Sunday, August 21, 2011

The Search for Mrs. Nelson: Part 6

The naturalization record for Sigurd Nelson that I ordered from the Iron Range Research Center arrived last Saturday and I'd give the process a 9 out of 10. The online index was easy to search, the online ordering process went smoothly, and communication from the Center was great. Three days before the document arrived I received a pleasant email letting me know that it had been mailed. The only thing that would have made it better? Receiving the record in digital format a few days quicker. (See The Search for Mrs. Nelson: Part 5)

If you've read previous posts, you'll remember that I am searching for the wife and child of a man named Sigurd Nelson. The researcher who's interested in them believes that they died of influenza before 1920 but he doesn't know anything more about them.

I have reason to believe that the Sigurd Nelson who was living in Duluth is the man the researcher is interested in and I was hoping that this Sigurd's naturalization record would give me the name of his wife and child.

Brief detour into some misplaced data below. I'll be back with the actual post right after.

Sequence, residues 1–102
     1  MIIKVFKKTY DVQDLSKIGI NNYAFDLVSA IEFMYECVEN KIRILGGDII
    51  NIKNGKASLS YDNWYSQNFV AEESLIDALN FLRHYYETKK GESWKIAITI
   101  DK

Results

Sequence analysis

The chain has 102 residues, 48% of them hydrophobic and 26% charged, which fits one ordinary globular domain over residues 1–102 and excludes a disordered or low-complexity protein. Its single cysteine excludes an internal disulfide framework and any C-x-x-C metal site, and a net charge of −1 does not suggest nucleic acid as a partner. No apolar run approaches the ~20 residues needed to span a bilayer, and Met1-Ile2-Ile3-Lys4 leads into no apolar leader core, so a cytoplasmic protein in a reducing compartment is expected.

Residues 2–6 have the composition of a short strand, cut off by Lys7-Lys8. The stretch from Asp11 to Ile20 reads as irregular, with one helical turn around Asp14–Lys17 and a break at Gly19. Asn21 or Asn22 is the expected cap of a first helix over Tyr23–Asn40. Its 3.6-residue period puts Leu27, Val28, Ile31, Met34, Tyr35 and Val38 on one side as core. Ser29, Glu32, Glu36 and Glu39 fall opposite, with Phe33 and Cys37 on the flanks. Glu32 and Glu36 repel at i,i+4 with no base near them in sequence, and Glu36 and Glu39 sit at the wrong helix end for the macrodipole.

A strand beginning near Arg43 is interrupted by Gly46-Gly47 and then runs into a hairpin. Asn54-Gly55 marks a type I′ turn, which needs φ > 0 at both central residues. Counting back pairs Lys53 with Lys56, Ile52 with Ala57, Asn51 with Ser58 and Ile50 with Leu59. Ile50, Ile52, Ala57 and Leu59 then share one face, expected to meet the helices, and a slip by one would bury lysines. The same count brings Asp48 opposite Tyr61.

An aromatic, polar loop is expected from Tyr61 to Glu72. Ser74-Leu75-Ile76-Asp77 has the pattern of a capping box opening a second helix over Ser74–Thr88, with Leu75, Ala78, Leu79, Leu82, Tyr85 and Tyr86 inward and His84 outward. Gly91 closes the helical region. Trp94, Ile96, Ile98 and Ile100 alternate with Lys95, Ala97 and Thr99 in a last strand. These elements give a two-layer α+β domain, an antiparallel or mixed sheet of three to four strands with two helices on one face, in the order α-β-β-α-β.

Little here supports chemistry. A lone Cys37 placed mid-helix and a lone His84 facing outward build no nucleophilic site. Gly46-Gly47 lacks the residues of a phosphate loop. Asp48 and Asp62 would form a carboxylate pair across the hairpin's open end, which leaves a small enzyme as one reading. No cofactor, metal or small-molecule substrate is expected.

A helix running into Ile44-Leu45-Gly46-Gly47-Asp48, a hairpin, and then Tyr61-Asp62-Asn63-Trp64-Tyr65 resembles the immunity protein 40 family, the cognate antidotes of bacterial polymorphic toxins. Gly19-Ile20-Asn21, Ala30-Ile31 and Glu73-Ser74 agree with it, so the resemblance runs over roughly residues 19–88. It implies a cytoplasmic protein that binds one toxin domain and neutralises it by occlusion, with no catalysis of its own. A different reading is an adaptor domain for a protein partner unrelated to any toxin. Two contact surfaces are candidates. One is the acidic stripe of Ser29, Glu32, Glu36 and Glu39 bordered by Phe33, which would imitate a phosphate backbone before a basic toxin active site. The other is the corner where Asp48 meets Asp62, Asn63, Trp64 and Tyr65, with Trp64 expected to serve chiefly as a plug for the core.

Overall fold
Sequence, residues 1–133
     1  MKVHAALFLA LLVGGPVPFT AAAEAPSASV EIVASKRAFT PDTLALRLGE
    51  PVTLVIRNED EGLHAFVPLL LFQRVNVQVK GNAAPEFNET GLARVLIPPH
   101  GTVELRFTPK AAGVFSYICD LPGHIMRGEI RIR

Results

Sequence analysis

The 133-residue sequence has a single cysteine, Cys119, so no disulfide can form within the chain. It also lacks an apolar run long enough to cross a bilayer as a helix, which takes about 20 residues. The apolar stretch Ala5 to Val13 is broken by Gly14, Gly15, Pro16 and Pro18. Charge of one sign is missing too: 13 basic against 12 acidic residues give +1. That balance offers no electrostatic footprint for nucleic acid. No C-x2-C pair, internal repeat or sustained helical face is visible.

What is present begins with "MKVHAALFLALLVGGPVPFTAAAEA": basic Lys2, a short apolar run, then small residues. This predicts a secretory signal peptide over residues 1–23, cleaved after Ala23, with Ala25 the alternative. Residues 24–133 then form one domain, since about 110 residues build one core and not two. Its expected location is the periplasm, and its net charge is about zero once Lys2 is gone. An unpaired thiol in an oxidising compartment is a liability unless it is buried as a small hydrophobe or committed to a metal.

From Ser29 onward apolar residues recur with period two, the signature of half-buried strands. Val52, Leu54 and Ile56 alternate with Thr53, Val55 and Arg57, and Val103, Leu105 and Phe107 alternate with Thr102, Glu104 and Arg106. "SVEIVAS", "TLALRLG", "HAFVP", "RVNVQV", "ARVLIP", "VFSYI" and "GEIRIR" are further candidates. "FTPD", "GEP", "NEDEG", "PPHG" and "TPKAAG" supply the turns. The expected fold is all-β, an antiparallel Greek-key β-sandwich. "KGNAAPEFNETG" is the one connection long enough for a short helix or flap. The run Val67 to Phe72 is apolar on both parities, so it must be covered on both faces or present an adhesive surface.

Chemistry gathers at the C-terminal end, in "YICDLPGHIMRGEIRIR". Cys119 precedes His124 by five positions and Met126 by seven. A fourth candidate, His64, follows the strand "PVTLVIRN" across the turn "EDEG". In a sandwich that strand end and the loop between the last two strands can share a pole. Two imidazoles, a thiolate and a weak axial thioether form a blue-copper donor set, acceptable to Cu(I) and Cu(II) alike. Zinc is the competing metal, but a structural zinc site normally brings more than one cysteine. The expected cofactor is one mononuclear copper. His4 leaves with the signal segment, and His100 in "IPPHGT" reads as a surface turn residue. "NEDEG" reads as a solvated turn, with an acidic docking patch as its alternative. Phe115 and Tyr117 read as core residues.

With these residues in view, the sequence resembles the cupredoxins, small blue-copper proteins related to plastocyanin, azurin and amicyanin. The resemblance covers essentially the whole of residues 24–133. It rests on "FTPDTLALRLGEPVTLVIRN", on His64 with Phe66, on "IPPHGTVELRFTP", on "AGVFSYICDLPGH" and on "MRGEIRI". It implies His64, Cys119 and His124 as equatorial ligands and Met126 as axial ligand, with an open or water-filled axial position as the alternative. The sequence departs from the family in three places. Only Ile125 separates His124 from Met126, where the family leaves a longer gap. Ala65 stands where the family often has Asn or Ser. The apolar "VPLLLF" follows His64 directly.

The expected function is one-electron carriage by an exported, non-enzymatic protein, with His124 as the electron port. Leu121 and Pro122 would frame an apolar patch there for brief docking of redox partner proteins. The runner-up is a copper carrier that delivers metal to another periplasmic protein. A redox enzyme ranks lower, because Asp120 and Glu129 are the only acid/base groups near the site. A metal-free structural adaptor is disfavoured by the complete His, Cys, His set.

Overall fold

Finally--a clue. The naturalization took place on 7 May 1920 and Sigurd's wife was listed as Myrtle, born 19 November 1899 in West Duluth, Minnesota.

A quick search of the 1920 census told me that Myrtle's middle initial was "L."

So, the Duluth Sigurd Nelson married a woman named Myrtle L. sometime between 5 June 1917 (draft registration card) and 8 January 1920 and it's very likely that he married her in Duluth.

Even though the researcher told me that he thought the wife and child died before 1920, I don't think I can rule this person out. It's possible that the "before 1920" conclusion was made because the family hadn't been able to find the family in the census in Chicago.

So, what's the next step?

Go after a marriage record? The client gave me parent names. If they're listed, I would learn Myrtle's maiden name (if I have the right family and if she did die, perhaps she's buried with her family in Duluth?)and be certain that I had the right Sigurd. (The researcher gave me parent names.)

Look for the death of a Myrtle Nelson in Duluth just after 1920?

Look for Myrtle's death in Chicago?

Look for a birth record to a child born to Myrtle and Sigurd?

See if I can find Myrtle and Sigurd in the 1930 census to rule them out?

Check Duluth city directories to see if Sigurd appears and if he then disappears?

What do you think? I'd love to hear your ideas.

Friday, August 19, 2011

Cook County Circuit Court Archives: Criminal Case Index, 1873-1944